SALUTING OUR LOCAL VETERANS

MHS says ‘thank you’

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With veterans and their families seated on chairs on the high school gymnasium floor, Mineola School District students said thank you to veterans in many different ways.

Students of all ages demonstrated knowledge they had gained as they related history of the country’s war, veterans and specifically Mineola’s veterans. The talent in the district was also on display as children sang songs that ranged from the first graders’ “American Tears” to a soulful rendition by fourth graders of “America The Beautiful” to Lena Hughes playing “Taps.”

Since Mineola High School’s first graduating class in 1883 Mineola students and alumni have fought in all wars and conflict in which the United States has been involved. It was announced that the school’s dedication and patriotism continue as three students – Russell Ballew, Travis Reimers and Ella Reinertsen – have committed to serving in the U.S. Army upon graduation.

During the program, winners of the Mineola Pilot Club Patriotic Essay Contest read their entries.

“Veterans make sacrifices for us,” Sophia Hogue, a Mineola fourth grader, said as she read her winning essay. “They leave for many years. When they come back, they might have changed. They see innocent people die by a bomb or something else. They do it for the love of America.” So, she urged those present to appreciate veterans when they see them.

Senior Dillon West was the high school winner. “You are appreciated,” West began reading. “They give up so much while we give up so little… so when I bow my head and give a moment of silence or when I stand for the pledge of allegiance to the flag of the United States of America I stand with pride that I live in the best place on earth. While our service men and women will always receive every ounce of gratefulness and respect within me for fighting for our freedom, I will forever be indebted to the great men and women who have sacrificed so much.”

The guest speaker was introduced by Cameron Sorenson. He said that Rev. Raymond Williams’ studies included California State Hayward, Bay City Bible Institute in Oakland and University of California at Berkley. He joined the Naval Reserves on Nov. 22, 1963, serving two tours of duty in Vietnam before being honorably discharged in 1969. He has been in the ministry for 40 years and is pastor at Walnut Grove CME Church in Mount Enterprise.

As he began, Williams asked all veterans present to stand as they were applauded.

Williams told the students that even though he wasn’t a recruiter for any branch of the military, he believed any student who has graduated from high school and who isn’t planning to attend college or a trade school to learn a job “that will get them a wage the will get them out of momma and daddy’s house…” should consider joining the military.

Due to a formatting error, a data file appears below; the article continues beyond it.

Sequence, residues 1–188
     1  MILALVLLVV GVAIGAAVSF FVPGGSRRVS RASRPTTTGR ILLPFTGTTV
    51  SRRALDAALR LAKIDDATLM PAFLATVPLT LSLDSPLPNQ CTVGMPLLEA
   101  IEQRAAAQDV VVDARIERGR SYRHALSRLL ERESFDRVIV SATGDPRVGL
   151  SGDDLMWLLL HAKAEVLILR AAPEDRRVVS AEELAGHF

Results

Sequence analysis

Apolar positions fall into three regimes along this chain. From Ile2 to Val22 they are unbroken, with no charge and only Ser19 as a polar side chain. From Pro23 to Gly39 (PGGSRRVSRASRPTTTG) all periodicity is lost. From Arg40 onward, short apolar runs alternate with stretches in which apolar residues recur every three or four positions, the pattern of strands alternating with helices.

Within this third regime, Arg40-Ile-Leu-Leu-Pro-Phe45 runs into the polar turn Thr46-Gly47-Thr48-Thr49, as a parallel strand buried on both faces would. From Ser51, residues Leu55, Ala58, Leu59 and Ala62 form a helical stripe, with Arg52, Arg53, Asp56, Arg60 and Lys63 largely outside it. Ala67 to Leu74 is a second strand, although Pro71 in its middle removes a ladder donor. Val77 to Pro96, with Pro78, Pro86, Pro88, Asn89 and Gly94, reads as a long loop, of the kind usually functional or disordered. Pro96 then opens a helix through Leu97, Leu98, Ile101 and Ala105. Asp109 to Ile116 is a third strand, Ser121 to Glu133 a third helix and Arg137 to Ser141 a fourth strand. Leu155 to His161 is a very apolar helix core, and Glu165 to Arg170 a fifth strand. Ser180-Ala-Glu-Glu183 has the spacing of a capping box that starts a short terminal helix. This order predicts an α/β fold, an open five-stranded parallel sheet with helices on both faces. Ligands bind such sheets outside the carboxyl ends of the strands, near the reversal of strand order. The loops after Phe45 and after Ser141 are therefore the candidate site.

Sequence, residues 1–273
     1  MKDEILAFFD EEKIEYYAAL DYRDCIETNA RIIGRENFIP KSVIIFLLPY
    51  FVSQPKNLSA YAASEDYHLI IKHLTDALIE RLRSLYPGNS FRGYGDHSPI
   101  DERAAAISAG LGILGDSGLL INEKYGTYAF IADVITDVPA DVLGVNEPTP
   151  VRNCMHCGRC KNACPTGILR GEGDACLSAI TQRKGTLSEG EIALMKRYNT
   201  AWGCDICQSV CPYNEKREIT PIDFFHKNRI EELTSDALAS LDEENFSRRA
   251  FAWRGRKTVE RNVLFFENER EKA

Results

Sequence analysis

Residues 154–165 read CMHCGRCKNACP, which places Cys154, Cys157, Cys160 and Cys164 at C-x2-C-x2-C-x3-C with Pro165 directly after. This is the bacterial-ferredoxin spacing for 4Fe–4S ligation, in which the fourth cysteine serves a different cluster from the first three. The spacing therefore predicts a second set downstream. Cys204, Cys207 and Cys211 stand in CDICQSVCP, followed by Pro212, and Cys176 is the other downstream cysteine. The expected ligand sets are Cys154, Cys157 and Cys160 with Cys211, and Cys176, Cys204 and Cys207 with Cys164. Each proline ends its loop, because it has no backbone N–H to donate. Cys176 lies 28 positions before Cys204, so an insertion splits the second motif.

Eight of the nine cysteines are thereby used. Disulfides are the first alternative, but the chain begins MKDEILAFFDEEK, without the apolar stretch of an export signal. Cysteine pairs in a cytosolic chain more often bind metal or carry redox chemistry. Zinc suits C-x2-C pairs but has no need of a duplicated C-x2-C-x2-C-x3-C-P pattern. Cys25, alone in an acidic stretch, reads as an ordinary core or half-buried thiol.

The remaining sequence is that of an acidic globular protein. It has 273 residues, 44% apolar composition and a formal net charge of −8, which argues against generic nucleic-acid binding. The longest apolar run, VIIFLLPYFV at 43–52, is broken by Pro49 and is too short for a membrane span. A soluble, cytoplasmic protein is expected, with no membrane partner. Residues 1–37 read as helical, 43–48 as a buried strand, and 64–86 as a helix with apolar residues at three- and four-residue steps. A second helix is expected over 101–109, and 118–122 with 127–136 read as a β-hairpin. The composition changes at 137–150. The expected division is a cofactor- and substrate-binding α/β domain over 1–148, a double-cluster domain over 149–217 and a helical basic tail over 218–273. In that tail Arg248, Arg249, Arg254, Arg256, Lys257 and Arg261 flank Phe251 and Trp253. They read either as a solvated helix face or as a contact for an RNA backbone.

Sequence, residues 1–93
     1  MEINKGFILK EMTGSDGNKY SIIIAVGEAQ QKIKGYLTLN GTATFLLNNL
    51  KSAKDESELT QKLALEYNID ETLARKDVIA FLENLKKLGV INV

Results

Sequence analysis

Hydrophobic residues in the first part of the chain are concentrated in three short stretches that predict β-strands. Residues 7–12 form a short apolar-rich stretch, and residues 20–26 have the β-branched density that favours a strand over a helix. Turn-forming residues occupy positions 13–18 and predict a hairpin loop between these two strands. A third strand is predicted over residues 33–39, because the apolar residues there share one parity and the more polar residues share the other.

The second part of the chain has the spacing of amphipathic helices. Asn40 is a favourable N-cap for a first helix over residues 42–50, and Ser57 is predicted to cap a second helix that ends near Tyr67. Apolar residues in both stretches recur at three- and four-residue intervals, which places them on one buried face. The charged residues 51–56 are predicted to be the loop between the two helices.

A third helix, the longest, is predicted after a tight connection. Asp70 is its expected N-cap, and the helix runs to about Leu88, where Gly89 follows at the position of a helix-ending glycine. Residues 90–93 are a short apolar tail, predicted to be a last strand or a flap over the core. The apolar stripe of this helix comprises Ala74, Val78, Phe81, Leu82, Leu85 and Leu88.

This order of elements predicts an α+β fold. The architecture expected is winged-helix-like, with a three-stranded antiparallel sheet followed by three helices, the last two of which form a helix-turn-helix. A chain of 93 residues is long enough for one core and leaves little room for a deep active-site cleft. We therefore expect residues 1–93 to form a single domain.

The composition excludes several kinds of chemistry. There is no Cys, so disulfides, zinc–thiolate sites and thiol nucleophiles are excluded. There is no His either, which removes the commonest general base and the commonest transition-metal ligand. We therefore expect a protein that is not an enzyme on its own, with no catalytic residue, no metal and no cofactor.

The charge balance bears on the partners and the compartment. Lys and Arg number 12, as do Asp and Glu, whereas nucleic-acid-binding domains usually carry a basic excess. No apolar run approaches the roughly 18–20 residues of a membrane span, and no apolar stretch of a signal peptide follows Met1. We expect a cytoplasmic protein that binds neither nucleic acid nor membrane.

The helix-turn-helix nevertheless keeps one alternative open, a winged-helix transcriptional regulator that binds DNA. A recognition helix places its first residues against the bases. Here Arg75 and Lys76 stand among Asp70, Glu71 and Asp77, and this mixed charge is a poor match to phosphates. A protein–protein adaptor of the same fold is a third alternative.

“If they have no direction or structure or no positive or forward outlook, service in the military can put them on the right path to being a productive member of society,” he said. “I knew that the path I was on was not going to lead me to where I wanted to go. I heard people say before `Join the service. That’ll make a man out of you.’ Now they should say, join the service. They will prepare you for the rest of your life. There has to be in life some opus, there has to be in life some desire to do better, to be better, or you’re just wallowing in life.”

Williams said as he listened to the speakers before him talk about the great sacrifice that veterans made, he didn’t believe that anyone who serves would say they were making a sacrifice. He believes they do so because of “a sense of duty, responsibility and because they love the nation. Because none of us join to make a sacrifice. A young man, a Navy Seal, one of four that were killed -if you had asked him that morning when he got up `Did you intend to sacrifice your life for your nation today,’ he would have told you no man. But he was willing to. That’s the choice we make in life.”

As he concluded Williams said that rights and the freedom to express those rights “are important to each of us… The men and woman that serve today in the armed forces of the United States of America, they’re giving me my rights. So I have a benefit from my service, it’s called freedom of speech. Your opinion may differ from mine, but you have a right to it. And certainly in today’s world in this country, we live in a divided nation. But you have a right to it. That’s what you call – they served.”

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